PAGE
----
Later there world be time to admire the clock tower, which Pevsner says is probably early-18th century. Maybe that is when the roof was altered too. Or was the change made as early as 1671, when the building was said to have been ‘newly erected’. Relevant to this period is the stone roundel, between the two windows, which has a portrait of Charles II on it. This sculpture was recut in 1959, but presumably goes back to the king’s reign (1660–1685). It’s a drawback of my contrasty picture that you can’t see the details in this carved roundel, but I went back later and took another one, as a reminder that you can see things in more than one way.

Saturday, April 6, 2019

Cheltenham, Gloucestershire


Celluladies

It was back in 2014 when last I posted about a relief on the building that was once Cheltenham’s Odeon Cinema, and before that its Gaumont cinema: a pair of naked women, tangled in curls of celluloid, who’d been removed from the building’s facade prior to its demolition. Back then, I wrote this about the sculpture:

These relief panels are by Newbury Abbot Trent, a prolific sculptor who produced many war memorials. He was the brother (or, according to some sources, the cousin) of the cinema’s architect, W. E. Trent. The panels are the kind of thing that often adorned cinema buildings of the 1930s, although they were often carved in stone, with a more neutral surface than the shiny metallic finish of these Cheltenham examples. Such sculptures often show female figures – always glamorous, often naked, sometimes, like these, with exaggerated proportions – and were meant to entice us into the magic and seductive world of the cinema, at a time when only a tiny minority had television and cinema-going was a regular weekly recreation for millions. When they were new, shiny, and properly lit, they would have reminded film-goers and passers-by alike of the magical, flickering world inside. It’s a shame they are no longer there.

Several times since, I’ve had the chance to admire this piece of work in its new setting, at ground level, where it can be studied in much more detail and where it is protected by a transparent covering. It’s great to be able to see these ladies from close quarters. I’d been vague about the material when writing about them in their original location, high above the pavement, referring just to their ‘metallic’ surface. For ‘metallic’ read ‘metallic-looking’. They actually are carved out of stone, but stone has been painted to resemble silvery steel or aluminium. At eye level their surface still looks shiny, but also grainier. The details of the carving also look rather coarser – after all, the sculpture was never intended for them to see seen from so close. It’s still good that it were preserved, though. It’s a bit of Cheltenham history and part of the career of a notable sculptor whose work, so often attached to buildings (and cinemas above all), is frequently vulnerable to the demolition ball or the contractor’s hammer. With their exaggerated figures, sleek hair-dos, and filmic context, the women are very Art Deco and very evocative. Let’s raise a glass (filled with a cocktail of our choice, of course) to their creator.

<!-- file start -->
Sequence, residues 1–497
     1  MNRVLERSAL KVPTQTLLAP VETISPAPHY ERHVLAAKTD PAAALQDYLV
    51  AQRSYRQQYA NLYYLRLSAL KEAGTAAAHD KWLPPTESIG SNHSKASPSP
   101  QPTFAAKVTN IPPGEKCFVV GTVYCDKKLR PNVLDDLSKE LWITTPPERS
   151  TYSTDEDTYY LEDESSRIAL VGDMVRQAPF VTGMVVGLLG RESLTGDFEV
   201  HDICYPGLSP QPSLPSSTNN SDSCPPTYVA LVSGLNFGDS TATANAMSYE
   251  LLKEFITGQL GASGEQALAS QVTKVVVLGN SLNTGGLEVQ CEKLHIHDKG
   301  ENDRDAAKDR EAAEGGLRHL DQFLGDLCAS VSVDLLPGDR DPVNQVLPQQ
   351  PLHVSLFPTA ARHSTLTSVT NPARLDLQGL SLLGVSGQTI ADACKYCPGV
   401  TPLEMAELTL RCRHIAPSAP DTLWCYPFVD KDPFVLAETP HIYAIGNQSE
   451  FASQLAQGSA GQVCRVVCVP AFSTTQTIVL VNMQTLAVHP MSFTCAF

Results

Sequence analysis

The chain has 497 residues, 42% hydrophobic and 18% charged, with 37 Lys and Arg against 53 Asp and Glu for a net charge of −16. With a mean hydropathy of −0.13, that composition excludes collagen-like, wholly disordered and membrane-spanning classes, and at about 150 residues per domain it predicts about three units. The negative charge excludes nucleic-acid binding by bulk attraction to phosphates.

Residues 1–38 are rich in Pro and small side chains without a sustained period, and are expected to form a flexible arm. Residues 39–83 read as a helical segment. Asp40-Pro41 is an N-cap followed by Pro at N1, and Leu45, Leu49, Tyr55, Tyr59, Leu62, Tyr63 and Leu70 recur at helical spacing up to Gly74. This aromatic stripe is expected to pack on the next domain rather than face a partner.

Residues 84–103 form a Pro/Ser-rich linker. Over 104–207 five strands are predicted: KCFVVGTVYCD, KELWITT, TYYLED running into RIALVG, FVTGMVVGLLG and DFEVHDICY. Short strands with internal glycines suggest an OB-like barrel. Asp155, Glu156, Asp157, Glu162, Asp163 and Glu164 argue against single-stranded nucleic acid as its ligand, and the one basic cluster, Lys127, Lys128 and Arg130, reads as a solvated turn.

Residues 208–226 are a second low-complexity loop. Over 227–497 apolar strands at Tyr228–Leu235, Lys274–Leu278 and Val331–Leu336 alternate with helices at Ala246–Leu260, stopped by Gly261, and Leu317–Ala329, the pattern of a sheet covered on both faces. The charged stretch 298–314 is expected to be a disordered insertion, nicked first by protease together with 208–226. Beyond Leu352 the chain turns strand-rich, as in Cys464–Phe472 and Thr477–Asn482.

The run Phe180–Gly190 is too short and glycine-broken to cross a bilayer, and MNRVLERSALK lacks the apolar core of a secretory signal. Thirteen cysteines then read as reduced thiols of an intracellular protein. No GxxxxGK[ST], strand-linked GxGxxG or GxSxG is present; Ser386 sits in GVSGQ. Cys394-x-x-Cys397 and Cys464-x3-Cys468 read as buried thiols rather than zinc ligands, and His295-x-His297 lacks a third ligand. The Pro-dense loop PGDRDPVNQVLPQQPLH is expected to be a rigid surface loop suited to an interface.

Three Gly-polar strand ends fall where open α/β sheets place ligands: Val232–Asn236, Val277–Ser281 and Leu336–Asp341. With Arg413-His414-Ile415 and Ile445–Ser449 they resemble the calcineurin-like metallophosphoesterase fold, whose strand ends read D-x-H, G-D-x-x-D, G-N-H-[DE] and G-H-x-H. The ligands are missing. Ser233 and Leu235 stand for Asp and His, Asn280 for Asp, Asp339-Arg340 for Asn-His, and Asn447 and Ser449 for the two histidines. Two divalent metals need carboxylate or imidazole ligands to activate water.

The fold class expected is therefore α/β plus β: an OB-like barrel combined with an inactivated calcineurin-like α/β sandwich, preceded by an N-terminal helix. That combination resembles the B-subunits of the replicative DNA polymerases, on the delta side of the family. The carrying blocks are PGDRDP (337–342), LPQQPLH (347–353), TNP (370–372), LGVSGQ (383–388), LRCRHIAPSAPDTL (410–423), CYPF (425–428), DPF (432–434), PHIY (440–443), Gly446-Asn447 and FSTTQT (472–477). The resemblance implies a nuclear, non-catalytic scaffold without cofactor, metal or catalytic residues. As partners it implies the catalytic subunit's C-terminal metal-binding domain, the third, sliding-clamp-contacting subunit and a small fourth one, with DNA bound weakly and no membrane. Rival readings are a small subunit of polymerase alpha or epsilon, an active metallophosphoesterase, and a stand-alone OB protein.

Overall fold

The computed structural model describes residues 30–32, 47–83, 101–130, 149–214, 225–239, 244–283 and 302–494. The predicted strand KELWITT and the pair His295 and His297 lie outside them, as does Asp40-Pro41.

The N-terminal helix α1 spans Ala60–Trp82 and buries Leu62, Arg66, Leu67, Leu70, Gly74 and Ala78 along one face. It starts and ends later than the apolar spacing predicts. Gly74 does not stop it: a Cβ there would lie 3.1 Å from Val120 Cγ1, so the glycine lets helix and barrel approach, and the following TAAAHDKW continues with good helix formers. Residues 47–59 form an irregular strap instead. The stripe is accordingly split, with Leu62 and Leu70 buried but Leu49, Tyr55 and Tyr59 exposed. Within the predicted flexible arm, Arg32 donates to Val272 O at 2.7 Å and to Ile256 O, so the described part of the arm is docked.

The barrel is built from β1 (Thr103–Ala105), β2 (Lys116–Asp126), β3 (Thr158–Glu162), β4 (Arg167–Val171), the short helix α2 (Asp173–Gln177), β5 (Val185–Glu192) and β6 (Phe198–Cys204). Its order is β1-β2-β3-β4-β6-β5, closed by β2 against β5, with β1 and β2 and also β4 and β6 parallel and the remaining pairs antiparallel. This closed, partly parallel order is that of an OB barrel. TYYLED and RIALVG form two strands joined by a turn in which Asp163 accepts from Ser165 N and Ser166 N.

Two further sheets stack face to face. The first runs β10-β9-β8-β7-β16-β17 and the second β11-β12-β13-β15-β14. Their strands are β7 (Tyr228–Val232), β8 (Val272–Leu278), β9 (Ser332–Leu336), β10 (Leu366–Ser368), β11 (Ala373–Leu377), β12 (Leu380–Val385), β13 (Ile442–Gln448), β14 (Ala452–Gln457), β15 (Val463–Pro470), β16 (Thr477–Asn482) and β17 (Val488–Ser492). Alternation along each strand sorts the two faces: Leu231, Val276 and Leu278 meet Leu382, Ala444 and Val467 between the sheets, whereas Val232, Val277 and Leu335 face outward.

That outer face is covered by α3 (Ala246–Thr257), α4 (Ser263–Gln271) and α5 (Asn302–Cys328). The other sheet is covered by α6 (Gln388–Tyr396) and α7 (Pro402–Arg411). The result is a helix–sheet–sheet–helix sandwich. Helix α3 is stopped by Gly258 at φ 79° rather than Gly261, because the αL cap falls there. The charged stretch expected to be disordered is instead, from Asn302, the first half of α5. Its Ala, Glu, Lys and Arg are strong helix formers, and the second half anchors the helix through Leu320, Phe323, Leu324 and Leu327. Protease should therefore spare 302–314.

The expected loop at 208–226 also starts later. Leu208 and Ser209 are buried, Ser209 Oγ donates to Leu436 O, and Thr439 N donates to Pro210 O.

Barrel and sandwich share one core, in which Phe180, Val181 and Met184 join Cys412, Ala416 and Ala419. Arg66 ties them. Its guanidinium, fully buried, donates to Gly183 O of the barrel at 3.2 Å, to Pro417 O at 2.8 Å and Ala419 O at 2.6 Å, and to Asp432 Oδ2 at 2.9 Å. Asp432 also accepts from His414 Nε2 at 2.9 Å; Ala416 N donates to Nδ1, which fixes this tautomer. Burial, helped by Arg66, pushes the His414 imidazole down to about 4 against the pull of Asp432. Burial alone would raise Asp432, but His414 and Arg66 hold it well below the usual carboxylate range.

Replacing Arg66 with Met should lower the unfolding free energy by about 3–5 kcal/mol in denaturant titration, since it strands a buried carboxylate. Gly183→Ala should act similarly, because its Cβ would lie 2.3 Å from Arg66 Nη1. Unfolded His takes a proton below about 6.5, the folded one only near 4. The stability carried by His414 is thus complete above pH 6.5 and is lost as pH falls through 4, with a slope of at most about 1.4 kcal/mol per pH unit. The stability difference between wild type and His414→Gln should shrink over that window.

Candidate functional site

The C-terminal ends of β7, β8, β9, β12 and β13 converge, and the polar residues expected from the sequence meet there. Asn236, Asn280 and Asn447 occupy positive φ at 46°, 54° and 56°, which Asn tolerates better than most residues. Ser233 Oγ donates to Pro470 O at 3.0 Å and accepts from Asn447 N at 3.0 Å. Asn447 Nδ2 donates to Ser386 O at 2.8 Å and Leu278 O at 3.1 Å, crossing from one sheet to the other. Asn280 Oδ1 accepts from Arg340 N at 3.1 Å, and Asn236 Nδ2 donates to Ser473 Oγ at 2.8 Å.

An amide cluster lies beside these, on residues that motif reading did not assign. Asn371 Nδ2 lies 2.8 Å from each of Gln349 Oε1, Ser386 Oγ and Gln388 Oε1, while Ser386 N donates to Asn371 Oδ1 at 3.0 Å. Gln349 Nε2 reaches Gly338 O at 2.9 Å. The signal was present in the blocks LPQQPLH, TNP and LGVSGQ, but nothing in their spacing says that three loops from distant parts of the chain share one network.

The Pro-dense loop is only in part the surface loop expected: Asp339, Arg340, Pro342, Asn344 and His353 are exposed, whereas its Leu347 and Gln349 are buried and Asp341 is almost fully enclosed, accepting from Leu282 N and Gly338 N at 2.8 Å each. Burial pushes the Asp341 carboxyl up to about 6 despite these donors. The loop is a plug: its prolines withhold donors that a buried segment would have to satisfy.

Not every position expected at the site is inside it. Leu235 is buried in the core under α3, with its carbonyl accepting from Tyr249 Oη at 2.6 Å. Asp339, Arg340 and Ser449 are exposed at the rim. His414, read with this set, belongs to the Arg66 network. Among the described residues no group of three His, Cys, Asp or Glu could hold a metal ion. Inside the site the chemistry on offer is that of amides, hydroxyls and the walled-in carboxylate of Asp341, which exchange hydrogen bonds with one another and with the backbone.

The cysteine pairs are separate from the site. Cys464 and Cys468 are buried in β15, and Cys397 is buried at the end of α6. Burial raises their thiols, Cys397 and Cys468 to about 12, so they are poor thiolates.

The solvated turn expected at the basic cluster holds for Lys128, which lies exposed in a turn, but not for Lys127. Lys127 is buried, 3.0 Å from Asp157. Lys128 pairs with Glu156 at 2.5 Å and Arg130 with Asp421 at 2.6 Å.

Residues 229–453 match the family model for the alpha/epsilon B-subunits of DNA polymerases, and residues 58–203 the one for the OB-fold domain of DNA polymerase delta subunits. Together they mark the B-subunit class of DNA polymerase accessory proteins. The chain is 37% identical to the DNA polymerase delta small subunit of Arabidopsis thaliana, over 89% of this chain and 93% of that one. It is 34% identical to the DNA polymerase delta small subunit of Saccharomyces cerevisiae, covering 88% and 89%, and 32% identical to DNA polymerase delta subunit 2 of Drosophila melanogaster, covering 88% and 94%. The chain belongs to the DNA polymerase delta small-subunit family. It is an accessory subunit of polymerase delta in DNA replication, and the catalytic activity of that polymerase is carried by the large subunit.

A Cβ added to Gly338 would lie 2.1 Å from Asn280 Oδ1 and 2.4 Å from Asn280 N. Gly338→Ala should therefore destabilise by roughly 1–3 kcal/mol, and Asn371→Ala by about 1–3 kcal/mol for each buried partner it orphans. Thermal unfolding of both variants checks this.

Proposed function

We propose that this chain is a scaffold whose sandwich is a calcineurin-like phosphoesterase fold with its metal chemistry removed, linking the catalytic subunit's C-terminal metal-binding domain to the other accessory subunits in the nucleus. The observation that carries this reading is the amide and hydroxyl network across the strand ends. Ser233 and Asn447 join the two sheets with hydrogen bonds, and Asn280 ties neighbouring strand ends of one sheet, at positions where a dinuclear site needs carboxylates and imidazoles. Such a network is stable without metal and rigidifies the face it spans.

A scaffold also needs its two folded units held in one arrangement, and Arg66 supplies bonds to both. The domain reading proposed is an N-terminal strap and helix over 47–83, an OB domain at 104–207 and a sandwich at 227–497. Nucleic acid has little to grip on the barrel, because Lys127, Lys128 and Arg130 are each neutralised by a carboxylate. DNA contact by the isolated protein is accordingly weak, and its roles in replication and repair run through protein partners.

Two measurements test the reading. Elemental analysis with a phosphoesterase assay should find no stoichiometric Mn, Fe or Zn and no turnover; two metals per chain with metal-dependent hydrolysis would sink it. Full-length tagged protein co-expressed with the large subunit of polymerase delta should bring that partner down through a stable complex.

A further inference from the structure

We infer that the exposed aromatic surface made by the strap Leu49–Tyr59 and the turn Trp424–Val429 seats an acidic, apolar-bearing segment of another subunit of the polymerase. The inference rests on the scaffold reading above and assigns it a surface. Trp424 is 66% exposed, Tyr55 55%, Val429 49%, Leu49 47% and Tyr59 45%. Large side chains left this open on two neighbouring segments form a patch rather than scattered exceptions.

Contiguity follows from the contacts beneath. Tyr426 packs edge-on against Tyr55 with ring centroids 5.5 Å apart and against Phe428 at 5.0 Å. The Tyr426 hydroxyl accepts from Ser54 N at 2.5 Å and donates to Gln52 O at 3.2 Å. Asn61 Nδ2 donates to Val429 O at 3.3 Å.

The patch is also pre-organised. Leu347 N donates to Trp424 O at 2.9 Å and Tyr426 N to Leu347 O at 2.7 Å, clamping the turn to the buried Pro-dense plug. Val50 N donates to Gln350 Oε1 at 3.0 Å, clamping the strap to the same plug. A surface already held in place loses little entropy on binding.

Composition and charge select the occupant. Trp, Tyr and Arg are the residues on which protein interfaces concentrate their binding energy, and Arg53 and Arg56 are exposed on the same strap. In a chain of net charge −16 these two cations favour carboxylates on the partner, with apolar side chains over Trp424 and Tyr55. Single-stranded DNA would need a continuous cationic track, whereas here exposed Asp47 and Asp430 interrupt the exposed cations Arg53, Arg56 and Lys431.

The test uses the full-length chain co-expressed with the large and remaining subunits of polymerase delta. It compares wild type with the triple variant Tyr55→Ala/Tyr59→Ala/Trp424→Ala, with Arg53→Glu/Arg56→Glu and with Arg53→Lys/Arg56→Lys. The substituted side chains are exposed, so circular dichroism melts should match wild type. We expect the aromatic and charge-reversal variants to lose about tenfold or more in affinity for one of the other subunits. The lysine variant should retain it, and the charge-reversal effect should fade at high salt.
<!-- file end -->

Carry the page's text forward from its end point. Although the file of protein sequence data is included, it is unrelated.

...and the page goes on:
The sculptures in situ on the front of the cinema (now demolished)

Wednesday, April 3, 2019

Piccadilly, London

Interlude  

My obsession with the unregarded aspects of English architecture often brings me up against a small detail on a very famous building, a detail that seems to be unnoticed by most people. I’ve posted before about the unique telephone box in the entrance way to Burlington House, the grand home of London’s Royal Academy in Piccadilly. When I enter the building’s courtyard I also often pause at a place close by, to admire a set of relief carvings that encrust the stonework of the entrance arches. No one is ever looking at these when I go through – there is, after all, usually something else inside in the form of a major loan exhibition that’s waiting for their attention. But I think the carvings are worth more than a glance, even if the combination of animal and plant life with urns and ornament, plus cameo-like heads (not to mention classical draped figures in the spandrels of the arches), is hardly fashionable.* The work is certainly interesting if one bothers to look – if the urn in all its swagged and pelleted elegance is out of a pattern book, that bird with its opening beak, carefully delineated feathers, and inquisitive eye is a charmer. And the beast in the lower photograph is arrested and engaged me as I looked and tried to work out the relationship between head and massive paw and wings. I’m not sure who made these carvings – someone out there must know.†  For the rest of us, they’re a diverting free show for the eye, a prelude perhaps to the serious art inside, or an interlude on the way up Piccadilly.

* Perhaps I should say, especially because it’s hardly fashionable…

† Pictures of Burlington House’s architectural sculpture appear quite often on line, on photo-sharing sites, but I’ve not seen anywhere the name of the person who did these carvings. There’s an excellent post about the more prominent statues of artists on the same building at the Ornamental Passions site, here.